The green transition is inevitable. If the needs of our warming climate wasn’t the only excuse, it’s now European law.
One of the pillars of the EU climate policy is the introduction of carbon markets for pretty much anything that pollutes. On top of the carbon markets for big industry, the EU institutions are discussing a system to apply a carbon price to cars and buildings. A new acronym was born to crown this mechanism: the ETS2, for Emissions Trading System 2 (number 2 because an emissions trading scheme already existed for the power sector, the manufacturing industry, and aviation).
In the new system, energy suppliers would buy polluting permits on the market, but the consumers would have to pay for the carbon cost in the final price. Common sense would dictate that those who pollute the most – historically but also today – should pay the most. This would mean that oil and gas companies should also shoulder the bill. But this logic doesn’t sit well with Brussels decision makers. The EU Commission did not see the injustice of asking small polluters – citizens – to pay a price for the emissions on their cars and homes, whilst giving kid-glove treatment to the big ones.
The European Parliament, understanding the dilemma, put forward a proposal that sought to rectify the injustice. It proposed to evenly split the carbon price between oil majors and citizens, by requiring suppliers to absorb half of the cost passed onto citizens. In essence, consumers would still pay for their pollution, but sharing the carbon price cost with the fossil fuel suppliers would go some way to ensure a fairer distribution of the burden. In practice, if carbon prices were 50 euro per tonne of carbon dioxide (tCO2), the oil major and the consumer would each pay €25/tCO2 or ± 6 cts per litre of fuel.
In essence, the EU needs to set up an appropriate mechanism whereby energy companies pay their share for their pollution and don’t pass it on to citizens. So how would it work?
First, authorities should get access to the information on the various components making up the final fuel price. Energy companies don’t have the right to keep this information secret. Once authorities have access, they can monitor how the fuel price and its components fluctuate and thus check if fossil fuel suppliers are passing on a larger share of the carbon price than allowed. That’s not all. To ensure the system is even more transparent, citizens should be able to see in their bills how much they are paying for the carbon permits.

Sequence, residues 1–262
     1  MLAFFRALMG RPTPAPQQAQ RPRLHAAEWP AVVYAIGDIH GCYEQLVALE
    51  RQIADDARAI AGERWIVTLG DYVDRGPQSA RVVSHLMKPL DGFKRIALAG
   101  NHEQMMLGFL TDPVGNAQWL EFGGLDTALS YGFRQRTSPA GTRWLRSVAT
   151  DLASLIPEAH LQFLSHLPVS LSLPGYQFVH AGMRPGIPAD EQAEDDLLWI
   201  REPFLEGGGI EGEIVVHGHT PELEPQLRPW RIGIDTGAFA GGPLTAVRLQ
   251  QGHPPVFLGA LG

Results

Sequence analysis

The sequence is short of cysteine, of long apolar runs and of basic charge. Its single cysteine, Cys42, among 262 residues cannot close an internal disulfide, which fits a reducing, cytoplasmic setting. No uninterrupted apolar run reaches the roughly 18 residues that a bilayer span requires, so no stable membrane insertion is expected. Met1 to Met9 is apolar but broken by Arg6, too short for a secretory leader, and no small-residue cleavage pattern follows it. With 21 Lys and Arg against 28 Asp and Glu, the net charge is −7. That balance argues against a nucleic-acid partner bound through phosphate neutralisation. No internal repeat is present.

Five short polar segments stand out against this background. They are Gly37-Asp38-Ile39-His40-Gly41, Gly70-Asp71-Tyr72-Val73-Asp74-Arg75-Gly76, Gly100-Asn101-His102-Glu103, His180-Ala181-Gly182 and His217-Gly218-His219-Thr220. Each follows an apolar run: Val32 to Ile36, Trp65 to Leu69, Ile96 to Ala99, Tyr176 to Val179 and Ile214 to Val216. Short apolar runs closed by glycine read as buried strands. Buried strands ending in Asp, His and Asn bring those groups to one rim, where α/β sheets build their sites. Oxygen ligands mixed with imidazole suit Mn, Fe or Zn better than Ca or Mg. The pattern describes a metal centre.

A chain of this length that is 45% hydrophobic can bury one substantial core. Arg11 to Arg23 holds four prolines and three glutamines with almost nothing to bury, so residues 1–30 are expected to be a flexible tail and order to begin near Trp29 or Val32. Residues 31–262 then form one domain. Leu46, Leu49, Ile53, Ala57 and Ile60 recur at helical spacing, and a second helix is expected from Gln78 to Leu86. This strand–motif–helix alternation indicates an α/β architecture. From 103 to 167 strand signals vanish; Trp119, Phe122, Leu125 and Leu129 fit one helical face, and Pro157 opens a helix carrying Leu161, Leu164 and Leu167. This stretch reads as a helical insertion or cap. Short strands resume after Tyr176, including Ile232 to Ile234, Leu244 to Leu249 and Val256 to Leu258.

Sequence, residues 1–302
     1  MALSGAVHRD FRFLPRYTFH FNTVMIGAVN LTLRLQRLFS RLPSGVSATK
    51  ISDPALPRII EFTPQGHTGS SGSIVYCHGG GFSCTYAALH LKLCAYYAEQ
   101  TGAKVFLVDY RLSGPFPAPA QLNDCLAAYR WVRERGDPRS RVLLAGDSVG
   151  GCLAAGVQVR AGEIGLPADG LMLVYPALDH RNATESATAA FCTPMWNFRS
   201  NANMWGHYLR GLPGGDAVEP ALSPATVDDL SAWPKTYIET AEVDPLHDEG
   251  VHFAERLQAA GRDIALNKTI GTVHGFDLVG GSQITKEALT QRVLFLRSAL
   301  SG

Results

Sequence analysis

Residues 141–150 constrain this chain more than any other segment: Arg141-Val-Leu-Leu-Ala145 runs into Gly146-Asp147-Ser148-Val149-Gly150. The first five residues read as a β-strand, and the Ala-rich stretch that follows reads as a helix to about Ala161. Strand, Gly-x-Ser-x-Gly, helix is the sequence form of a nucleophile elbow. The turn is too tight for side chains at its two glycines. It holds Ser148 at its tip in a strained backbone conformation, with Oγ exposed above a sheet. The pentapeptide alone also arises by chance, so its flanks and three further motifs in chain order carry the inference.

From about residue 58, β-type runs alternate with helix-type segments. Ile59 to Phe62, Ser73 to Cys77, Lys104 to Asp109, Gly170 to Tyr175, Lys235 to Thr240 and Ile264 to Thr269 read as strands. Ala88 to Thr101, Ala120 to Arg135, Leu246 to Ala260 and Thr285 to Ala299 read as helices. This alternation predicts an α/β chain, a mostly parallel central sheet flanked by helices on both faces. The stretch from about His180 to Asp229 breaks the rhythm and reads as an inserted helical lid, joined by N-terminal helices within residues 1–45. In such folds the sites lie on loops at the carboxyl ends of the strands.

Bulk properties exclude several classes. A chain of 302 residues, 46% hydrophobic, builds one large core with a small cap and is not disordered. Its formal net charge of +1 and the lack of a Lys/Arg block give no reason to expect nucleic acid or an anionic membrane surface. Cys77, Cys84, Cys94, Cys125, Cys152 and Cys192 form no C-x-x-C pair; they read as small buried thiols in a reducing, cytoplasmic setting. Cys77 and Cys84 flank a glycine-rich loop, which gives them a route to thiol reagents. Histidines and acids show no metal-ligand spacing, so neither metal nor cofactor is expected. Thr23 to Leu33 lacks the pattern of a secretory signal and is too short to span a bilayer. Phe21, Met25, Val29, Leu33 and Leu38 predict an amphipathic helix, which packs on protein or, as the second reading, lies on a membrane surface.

The Commission’s reply: this carbon cost split is too complicated. But did they even try to look into it? The only proposal they put on the table was one for annual reports about the ETS2 cost paid by consumers. It wasn’t clear what the report would be used for.
And the Council in all of this? Passive at best. No government is showing the hint of courage with big, polluting companies.
The oil majors reaped nearly €2 trillion in profits in the last 30 years. In 2021 the top 5 energy companies made profits for €56 billion and are on track to close 2022 cashing out €127 billion euro or additional 82 billion compared to 2019. And yet it is deemed too complicated to make a minuscule dent in these profits, by asking said companies to absorb part of a carbon price.
The story may seem familiar. Brussels is currently tearing itself apart when trying to set a cap on the price paid for gas and oil while energy prices are sky-rocketing for families. The idea of a windfall tax on energy companies’ extraordinary war time profits has been flaunted by the EU, but its revenues won’t even hit the expected €25 billion. This is even more scandalous when energy companies benefit from €30 billion in taxpayer-funded cuts to fuel duty .
At this rate, the EU Commission is being dwarfed by Big Oil’s power. We need a change of direction. All it takes is the courage to adopt the rules and the procedures that make Big Oil contribute to social and climate challenges.